Personally, I try to thank family members, too. If you know what to look for, you can pick them out from a crowd. You'll see people wearing a yellow ribbon, or a pinback button with a soldier's picture on it, or a blue-star flag lapel pin, and you'll know that part of them i downrange, too. As the saying goes, "soldiers train, but entire families deploy."

Want to know what you can do? All you have to say is: "Thank you for your soldier's service. And thank you for your family's service, too." If you can read non-Army uniforms, use "sailor," "marine," or "airman" for Navy, Marine, or Air Force personnel. Not sure of the branch of service? Use the generic term "service member." (One final tip: "Airman" applies to both male and female members of the U.S. Air Force.)

I hope that someone told Marion Gray how much it meant to them that she was there. And I hope you reach out to a soldier, veteran, or family member sometime, just to say thanks.

And thank you for reading this.

(More news on the 86th Infantry BCT moving out here. I can't yet explain the headcount discrepancies; "1,500" vs. "more than 3,000" soldiers, but I'll work on it.)

29 January 2010

Housekeeping and Engineering

Every time I think I've established a new battle rhythm, something else comes along to muck it up. This past week, it was a visit from Omah and Opah Sherpa. Like the Air Force says, "Any landing (and parental visit) you can walk away from is a good one." They walked away with a few more grandparenting memories and war stories, and Household-6 and I walked away with a number of remodeling projects nearly finished. And there was much rejoicing.

We also got a chance to talk face-to-face with our parents, about our needs and fears and expectations for the pending deployment. We even talked in more detail than usual about the possible mission. (As an old radio guy, Sherpa refuses to discuss official news over cell phones, cordless phones, and baby monitors. Ever hack one of those Bearcat scanners? You might as well announce personal secrets and credit card numbers to the neighbors via a public address system. Or in the New York Times. Or on one of those ding-dang Internet blogs I keep hearing about.)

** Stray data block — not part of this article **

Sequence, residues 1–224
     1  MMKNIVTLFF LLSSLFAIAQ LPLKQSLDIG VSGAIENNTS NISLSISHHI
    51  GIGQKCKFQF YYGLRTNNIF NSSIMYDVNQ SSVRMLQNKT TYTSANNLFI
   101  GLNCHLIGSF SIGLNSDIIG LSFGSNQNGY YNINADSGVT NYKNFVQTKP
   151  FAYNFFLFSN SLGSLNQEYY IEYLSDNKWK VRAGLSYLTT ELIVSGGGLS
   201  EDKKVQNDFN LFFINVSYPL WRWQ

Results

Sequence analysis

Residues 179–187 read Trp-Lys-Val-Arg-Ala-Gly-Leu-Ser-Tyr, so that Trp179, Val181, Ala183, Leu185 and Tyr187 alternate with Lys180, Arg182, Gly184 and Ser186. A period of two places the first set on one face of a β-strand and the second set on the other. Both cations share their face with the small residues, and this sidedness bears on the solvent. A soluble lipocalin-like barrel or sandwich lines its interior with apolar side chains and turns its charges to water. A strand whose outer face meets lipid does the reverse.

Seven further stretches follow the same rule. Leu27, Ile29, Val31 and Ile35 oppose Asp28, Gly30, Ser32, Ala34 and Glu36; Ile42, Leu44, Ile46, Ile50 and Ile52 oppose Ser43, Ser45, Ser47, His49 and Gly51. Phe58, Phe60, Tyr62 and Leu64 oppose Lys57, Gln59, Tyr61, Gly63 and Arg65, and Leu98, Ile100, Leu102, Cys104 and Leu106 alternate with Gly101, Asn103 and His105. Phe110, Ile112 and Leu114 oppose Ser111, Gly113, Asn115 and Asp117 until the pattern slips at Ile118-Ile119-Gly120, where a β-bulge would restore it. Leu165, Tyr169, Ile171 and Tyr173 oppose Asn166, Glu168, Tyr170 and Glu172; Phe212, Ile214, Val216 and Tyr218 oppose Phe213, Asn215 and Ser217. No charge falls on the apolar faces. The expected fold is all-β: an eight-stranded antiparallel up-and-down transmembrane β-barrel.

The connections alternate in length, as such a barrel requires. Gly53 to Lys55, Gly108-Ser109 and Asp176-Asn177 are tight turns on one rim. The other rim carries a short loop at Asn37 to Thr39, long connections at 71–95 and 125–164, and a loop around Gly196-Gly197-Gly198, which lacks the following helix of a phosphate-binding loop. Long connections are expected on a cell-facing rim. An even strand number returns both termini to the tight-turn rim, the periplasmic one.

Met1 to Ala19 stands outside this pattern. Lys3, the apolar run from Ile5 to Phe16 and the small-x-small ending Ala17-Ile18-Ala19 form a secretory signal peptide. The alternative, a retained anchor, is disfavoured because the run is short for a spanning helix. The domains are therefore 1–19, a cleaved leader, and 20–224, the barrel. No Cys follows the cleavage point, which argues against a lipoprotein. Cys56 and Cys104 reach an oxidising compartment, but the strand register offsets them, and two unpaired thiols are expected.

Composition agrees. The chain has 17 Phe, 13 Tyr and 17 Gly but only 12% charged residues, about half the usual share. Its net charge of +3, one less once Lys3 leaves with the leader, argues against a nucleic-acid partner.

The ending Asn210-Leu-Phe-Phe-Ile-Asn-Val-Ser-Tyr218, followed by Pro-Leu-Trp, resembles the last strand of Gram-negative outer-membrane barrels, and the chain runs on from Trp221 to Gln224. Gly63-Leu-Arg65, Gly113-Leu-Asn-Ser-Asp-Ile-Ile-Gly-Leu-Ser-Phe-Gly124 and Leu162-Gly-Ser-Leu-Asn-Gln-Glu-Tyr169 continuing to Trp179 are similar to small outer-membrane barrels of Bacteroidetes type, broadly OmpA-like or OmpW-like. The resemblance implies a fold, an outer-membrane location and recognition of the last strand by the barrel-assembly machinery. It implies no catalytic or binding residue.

Sherpa grew up in an active-duty military family, so everyone was pretty familiar with the drill: You can't say when or where or how, because everything is a secret and, even if it wasn't, it will change 50 times and still be wrong. So it's "hurry up and stew."

I should mention here that there will be more Sherpa news happening in the next few days. Nothing big, but thought I'd try that "foreshadowing" thing I remember from high school English.

In the meantime, I've finally managed to follow-through on a few suggestions made by some supportive commenters and fellow mil-bloggers. Coffeypot, a salty blog-dog and storyteller, suggested the installation of the Blogger/Blogspot/Google Friend Connect "follower" widget in the Red Bull Rising sidebar. That's it, right over there. Ky Woman, of whom I've already sung many praises, helped expedite an introduction over at Milblogging.com. Milblogging.com is a perfect place to start a search for bloggers with past or current experiences, depending on where you're heading in the world. I plan to use it a lot in the coming months.

Ky Woman also urged me to link the Red Bull Rising blog with a Facebook page. I'd had some technical difficulties earlier, but they're solved now. See my mug over there, by that Facebook button? Click it.

I'm still waiting for this whole Internet fad to blow over, but I've noticed that some younger soldiers don't even e-mail anymore--it's all texting and Twittering and Facebooking. Some Iowa National Guard units use Facebook pages as their primary means of communicating routine information with soldiers and families. There's no official policy out there, for or against the practice. A short pro-Facebook editorial follows, however: If people are already using the tool, and it doesn't hurt security, use the darn tool. Don't stick it behind layers and layers of bandwidth-chewing passwords and card readers and then wonder why people aren't getting your messages.

End of mini-sermon.

So, dear reader, whether you read blogs by "following" via Blogger, via a Facebook fan page, via some sort of RSS reader, or just plain old-fashioned web-browsing, I hope you find this ongoing project variously useful, insightful, and/or entertaining. Thanks for your suggestions, and your support, and for recommending Red Bull Rising to anyone who might find it of interest.

Like my Engineer buddies say, "Essayons."

28 January 2010

A Soldier is a Soldier

Pop Quiz: "The First Amendment to the U.S. Constitution regards the rights of all U.S. citizens to the freedom of ..."

(a) Religion
(b) Speech
(c) Press
(d) All of the above